Mixed Britannia: Telling the story of mixed race Britain

Thursday 6 October 2011, 15:00

George Alagiah George Alagiah Presenter

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I guess there are two ways of approaching a TV production: knowing exactly what you want to say and finding the people who fit into the mould, or telling the story you discover as you go along.

There's always going to be a bit of an overlap, but in the case of Mixed Britannia on BBC Two I'd say it was definitely the latter.

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The British Eugenics tests

But for me the primary question all three programmes had to answer was slightly different.

What does it say about all of us, the British, that we have ended up in this remarkable place where our mixed race population is growing faster than just about any other comparable country?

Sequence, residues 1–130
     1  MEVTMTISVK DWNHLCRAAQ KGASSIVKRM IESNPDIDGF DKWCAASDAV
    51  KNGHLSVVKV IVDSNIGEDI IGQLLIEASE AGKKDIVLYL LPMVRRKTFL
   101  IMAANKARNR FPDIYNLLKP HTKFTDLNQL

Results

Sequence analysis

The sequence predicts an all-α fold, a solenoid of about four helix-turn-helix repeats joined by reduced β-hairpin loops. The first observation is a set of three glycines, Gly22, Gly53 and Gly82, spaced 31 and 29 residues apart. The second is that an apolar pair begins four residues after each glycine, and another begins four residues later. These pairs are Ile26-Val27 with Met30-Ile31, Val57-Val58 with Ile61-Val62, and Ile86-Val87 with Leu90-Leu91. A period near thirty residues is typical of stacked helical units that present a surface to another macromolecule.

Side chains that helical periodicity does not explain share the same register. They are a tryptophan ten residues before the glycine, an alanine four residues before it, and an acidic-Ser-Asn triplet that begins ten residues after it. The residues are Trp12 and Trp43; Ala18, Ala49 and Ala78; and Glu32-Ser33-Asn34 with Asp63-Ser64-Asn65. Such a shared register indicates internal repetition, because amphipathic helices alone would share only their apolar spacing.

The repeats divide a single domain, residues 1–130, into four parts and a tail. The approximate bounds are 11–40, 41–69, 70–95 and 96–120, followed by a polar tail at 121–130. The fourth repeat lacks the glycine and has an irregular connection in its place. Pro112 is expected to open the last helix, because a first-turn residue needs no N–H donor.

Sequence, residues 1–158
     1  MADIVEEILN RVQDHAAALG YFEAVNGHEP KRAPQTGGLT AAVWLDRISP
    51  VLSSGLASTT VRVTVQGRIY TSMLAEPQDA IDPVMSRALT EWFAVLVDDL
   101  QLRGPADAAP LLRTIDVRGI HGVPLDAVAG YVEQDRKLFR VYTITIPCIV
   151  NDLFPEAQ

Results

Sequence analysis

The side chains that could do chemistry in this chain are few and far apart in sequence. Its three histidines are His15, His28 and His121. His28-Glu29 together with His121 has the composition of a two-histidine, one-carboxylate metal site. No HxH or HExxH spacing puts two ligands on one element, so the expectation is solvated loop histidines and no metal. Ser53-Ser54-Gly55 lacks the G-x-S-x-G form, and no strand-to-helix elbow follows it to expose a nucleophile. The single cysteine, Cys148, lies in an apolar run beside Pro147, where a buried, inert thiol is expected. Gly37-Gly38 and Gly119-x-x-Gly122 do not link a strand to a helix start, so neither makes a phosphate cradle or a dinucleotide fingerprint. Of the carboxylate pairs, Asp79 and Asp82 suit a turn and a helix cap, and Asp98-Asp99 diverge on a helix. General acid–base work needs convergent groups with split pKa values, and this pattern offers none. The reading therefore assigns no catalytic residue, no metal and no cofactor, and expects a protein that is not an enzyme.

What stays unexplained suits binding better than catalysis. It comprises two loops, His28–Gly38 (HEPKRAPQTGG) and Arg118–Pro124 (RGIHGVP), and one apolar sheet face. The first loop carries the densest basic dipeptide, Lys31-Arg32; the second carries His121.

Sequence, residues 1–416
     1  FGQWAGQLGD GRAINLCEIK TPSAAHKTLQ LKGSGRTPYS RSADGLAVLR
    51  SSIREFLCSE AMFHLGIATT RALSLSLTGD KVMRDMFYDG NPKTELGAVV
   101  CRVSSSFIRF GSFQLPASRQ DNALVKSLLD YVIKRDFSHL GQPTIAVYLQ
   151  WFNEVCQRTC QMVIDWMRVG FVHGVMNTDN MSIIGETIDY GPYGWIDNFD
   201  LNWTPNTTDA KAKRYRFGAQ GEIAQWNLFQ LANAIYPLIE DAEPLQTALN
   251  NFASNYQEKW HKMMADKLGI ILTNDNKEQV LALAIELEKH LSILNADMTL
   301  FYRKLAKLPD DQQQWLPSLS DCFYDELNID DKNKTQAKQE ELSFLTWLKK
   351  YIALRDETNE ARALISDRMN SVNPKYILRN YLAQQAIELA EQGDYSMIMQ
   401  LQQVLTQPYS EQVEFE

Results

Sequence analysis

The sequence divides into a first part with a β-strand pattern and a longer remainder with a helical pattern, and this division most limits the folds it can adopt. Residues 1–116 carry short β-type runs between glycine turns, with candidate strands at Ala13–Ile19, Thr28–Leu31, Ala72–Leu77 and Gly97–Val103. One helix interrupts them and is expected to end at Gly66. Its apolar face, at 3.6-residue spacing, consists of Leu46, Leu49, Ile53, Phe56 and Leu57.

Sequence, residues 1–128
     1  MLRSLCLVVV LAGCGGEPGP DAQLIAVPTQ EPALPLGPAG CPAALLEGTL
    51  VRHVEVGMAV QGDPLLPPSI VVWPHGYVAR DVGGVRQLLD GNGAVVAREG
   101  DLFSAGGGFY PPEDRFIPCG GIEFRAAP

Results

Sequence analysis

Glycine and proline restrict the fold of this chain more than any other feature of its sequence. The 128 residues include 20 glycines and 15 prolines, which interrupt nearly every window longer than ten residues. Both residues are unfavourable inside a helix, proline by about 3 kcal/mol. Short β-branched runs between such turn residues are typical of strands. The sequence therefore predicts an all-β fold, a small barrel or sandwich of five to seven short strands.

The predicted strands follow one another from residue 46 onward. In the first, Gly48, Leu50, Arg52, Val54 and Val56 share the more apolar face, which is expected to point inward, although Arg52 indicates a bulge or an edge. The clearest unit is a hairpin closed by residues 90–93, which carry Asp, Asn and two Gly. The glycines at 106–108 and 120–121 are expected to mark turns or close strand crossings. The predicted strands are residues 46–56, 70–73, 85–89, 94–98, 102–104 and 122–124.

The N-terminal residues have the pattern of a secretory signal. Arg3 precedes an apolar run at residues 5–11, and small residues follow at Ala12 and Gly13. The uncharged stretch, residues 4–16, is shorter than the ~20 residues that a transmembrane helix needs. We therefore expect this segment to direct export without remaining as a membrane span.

Britain was subject to the same pressures and prejudices as America or Germany (the influence of the eugenicists is an example) but we avoided the worst excesses of those countries.

I'm not naïve enough to believe this was the result of enlightened politics - there were plenty of bigots here - but I do think there was something unique in the British experience, the history of empire and trade, which meant we took a different approach.

Mixed Britannia is as much a history of Britain as it is a story about those brave people who dared to find fun, friendship, and love across a forbidden frontier.

George Alagiah is the presenter of Mixed Britannia.

Read George Alagiah's views on being mixed race in Britain on the BBC Magazine.

Mixed Britannia is a three-part series on BBC Two starting on Thursday, 6 October at 9pm as part of the Mixed Race Season.

For further programme times, please visit the upcoming episodes page.

Comments made by writers on the BBC TV blog are their own opinions and not necessarily those of the BBC.

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    Comment number 1.